View Single Post
Old 19th May 2004
7rojo7's Avatar

Interns don't get paid. They agree to do helping work and be humble to be able to say when they apply for an assistant position somewhere that they know how to behave in a studio atmosphere and that they know what a studio is.
I never interned or did the "runner" job although I've done it all, the most humiliating.
Assistant's motto: Do everything all the time for everybody and don't let anyone notice.
If you work with an enginner more than once you've probably scoped out his working habits, setup the session the way he's used to before he gets there. If it's a mix have the 1/2" up on the machine even if it won't be 5 hours before you start hitting tape. Make whatever tapeover patches, mults, etc... If it's an in the box project, check to see if it's a clean session and has locations marked for the arrangement, all the main tracks and their subgruped organized in an easily findable manner, mark any tracks for cleaning or hiding and alert the eng of any problems before he starts listening (you should do this on any session) make copies of the lyric sheets etc.... There's a lot more to do.
1988- $300 a week flat- 14 hrs a day for 6 days a week with some excursions lasting up to 40 hrs straight (no drugs!) vacations are frowned upon (meals would've been wonderful, sometimes an engineer that was getting 700 a day would get me an extra thing from the menu when he saw that I ordered only fried rice, no drink) I usually had to waste another 2 hrs on payday to track the owner down, if you skipped a weeks pay he wouldn't believe that he hadn't paid you and you had to threaten to quit to get it etc... Learned sync, automation, midi programming, limited only to HipHop. Did a lot of tracking (1st) and 2nd on mixes and remixes. I also did a bunch of drum, gtr and bass playing for looping, drumfills, percussion, chickenscrathing.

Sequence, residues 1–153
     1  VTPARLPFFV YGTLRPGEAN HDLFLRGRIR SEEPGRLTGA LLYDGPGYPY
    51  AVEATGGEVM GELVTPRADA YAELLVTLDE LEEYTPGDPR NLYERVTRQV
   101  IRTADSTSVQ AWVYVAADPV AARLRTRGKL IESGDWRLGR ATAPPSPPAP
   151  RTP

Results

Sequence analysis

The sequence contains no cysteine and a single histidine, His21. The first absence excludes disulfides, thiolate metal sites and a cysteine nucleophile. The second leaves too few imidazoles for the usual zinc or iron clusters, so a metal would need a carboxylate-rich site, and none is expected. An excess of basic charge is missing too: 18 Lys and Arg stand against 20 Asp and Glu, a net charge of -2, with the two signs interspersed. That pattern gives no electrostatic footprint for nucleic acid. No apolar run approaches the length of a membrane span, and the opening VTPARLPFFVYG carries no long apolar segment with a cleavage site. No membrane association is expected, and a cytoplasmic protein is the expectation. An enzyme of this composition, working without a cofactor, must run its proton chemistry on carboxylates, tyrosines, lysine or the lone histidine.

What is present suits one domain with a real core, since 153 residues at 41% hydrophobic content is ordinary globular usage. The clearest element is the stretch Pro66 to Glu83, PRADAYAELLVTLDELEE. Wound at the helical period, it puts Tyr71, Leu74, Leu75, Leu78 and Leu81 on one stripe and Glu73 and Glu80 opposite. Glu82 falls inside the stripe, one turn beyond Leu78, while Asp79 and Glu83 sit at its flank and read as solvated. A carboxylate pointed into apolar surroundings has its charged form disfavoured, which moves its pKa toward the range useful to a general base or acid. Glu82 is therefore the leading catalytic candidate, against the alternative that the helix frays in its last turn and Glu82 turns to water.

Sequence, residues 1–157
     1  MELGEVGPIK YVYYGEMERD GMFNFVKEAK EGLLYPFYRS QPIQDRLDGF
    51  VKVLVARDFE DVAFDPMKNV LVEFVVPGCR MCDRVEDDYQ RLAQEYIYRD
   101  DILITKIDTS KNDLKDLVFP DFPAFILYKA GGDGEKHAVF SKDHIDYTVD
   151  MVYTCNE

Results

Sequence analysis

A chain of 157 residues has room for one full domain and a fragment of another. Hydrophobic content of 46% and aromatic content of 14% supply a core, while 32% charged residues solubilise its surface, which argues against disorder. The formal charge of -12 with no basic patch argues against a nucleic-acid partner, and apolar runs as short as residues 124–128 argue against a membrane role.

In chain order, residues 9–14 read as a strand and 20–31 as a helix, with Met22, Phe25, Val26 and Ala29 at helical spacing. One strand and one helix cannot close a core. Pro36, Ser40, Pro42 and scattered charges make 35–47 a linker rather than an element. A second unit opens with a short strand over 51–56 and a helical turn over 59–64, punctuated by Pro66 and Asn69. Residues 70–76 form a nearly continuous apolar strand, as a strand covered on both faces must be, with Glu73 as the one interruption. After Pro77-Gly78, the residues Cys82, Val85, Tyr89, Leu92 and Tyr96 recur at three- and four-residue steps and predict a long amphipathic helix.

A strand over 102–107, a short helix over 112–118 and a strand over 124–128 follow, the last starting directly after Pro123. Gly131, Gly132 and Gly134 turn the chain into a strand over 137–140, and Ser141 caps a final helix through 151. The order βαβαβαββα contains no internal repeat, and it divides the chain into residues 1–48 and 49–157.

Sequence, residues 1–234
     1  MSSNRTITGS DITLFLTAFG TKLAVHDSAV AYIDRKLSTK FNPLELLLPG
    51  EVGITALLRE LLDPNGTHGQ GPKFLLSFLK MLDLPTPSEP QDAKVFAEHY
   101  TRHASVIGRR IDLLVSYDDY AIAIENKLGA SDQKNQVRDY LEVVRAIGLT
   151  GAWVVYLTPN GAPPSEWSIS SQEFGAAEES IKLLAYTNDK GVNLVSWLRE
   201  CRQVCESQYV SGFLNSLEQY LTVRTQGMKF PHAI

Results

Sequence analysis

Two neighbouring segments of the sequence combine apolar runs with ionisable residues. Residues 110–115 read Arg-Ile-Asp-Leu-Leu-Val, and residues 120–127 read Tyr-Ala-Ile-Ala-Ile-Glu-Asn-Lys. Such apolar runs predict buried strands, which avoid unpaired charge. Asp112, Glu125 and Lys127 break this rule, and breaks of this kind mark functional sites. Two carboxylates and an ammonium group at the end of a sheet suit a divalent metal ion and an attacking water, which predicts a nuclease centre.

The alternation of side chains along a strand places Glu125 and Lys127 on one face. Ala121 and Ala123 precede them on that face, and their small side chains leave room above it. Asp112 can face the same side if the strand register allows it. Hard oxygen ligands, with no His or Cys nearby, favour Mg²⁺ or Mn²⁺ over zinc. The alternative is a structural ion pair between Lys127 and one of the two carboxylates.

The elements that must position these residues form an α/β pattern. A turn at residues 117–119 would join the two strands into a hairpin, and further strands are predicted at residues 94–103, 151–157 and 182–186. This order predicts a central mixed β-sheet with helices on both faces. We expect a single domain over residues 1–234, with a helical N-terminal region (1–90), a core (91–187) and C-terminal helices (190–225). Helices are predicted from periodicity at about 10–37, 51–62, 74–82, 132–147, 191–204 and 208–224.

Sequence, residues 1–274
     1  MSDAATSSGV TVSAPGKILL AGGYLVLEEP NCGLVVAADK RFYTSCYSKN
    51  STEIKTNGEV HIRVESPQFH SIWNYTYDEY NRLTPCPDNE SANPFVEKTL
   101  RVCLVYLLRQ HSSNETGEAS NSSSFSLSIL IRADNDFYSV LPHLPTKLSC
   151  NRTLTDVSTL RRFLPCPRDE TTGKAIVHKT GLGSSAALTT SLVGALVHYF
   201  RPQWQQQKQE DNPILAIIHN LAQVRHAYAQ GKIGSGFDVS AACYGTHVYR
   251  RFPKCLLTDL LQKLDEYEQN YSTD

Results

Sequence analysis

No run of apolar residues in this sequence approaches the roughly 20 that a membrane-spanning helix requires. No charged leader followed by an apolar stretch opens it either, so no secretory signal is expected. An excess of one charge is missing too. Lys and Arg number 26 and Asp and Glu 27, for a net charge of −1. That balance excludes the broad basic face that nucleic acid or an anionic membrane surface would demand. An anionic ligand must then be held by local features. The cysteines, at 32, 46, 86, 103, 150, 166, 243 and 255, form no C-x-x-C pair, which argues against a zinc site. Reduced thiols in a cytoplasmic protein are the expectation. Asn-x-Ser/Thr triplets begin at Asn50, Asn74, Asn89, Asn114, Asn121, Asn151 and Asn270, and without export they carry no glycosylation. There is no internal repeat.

1990- $8 an hour with a 1010 or whatever, pay your own taxes if you made enough money that year, some money and bonuses on the sleeve, in 92 $10 an hour. From the day I got this job I was putting mics. in front of artists and pushing the red button, I did a lot of assisting which could be 1sting or just answering the phones, put up this reel and order the takeout. Some of the time I would play studio manager too. A lot of recognisable, experienced AEs and producers from all genres of music, my ability to read music and sightsing was appreciated here. I got to play on some tracks and I also spent a lot of free time there helping the other staff keep the studio healthy. Lucky studio owner!
The other staff from that studio are now producing and recording Albums for majors or playing and writing them. We remain close friends.
Throughout all of this time of poverty there was always comraderie and this is the thing that's lasted, besides the experience and methods gained, the memories of these friendships are the most gratifying.
It's not easy to be a good assistant.